The number of people living with the risks of no health insurance has surged upwards, according to a study released Monday by the UCLA Center for Health Policy Research.
The study found that the toll the recession has taken on personal finances has had a similar impact on health insurance coverage.
The study estimates that 24.3 percent, or about 8.4 million Californians under the age of 64 years were without health insurance for all or part of 2009. The number of uninsured grew by about two million since 2007, when the last insurance survey was conducted.
Every county in the state saw an increase in the uninsured population, with 37 counties — including all eight in the San Joaquin Valley — recording uninsured rates higher than the state average.
In Stanislaus County the number of people 64 and younger without health insurance in 2009 was 28.7 percent of the population, or about 141,778 people, according to the study’s findings.
The rate grew by 6.4 percent in the course of two years.
In Merced County the rate was 31.6 percent and in San Joaquin County it reached 28.2 percent.
Five counties in the San Joaquin Valley — Madera, Merced, Kern, Stanislaus, and Kings — were in the bottom 10 when it comes to the number of people who have insurance coverage.
In 2007, only four counties were in the bottom 10 ranking.
The report found that the areas that had the highest numbers of uninsured were also the areas with the highest unemployment rates. The researchers also found corresponding drops in both household income and job-based coverage contributed to the ranks of the uninsured.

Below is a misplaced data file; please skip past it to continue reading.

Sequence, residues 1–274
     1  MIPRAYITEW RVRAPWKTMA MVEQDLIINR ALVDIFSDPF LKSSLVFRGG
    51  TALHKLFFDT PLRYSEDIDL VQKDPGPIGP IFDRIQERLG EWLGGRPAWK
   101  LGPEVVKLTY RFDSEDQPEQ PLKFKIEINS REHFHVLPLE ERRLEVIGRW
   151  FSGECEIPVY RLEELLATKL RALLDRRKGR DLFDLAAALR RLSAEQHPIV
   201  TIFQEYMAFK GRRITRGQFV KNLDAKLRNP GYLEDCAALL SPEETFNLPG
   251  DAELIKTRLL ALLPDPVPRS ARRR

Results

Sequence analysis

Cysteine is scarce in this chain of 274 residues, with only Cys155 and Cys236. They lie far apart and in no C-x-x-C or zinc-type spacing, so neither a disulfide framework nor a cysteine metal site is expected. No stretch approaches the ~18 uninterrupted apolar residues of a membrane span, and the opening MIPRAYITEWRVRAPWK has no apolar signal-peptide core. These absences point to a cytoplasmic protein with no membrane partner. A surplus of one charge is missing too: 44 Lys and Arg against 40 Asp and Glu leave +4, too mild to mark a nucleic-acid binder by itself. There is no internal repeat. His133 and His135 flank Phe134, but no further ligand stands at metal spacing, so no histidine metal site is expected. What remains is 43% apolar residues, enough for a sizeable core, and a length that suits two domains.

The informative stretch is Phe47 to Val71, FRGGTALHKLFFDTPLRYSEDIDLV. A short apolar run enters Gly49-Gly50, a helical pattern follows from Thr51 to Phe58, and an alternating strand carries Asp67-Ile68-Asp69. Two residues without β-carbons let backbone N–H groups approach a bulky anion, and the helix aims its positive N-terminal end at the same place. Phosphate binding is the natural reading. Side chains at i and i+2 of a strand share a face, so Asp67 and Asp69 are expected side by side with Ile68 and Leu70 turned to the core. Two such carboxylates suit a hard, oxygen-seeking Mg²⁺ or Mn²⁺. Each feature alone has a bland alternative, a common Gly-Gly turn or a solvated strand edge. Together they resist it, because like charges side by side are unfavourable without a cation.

The national health care reform package will offer federal subsidies for purchasing health insurance and will expand Medi-Cal coverage, but those reforms will not go into effect until 2014."Health care reform is several years away, but families are dealing with health problems right now," said Shana Alex Lavarreda, lead researcher on the report. "Every effort should be made to help families in need even sooner than 2014." The county estimates were based on a simulation model that predicted changes in county-level uninsurance using data from the 2007 California Health Interview Survey adjusted with 2009 county unemployment rates, and taking into account simultaneous decreases in household income. The model also included county-level increases in public health insurance from 2007 to 2009, based on administrative data from Medi-Cal and Healthy Families enrollment counts. To contact Sabra Stafford, e-mail email@example.com or call 634-9141 ext. 2002.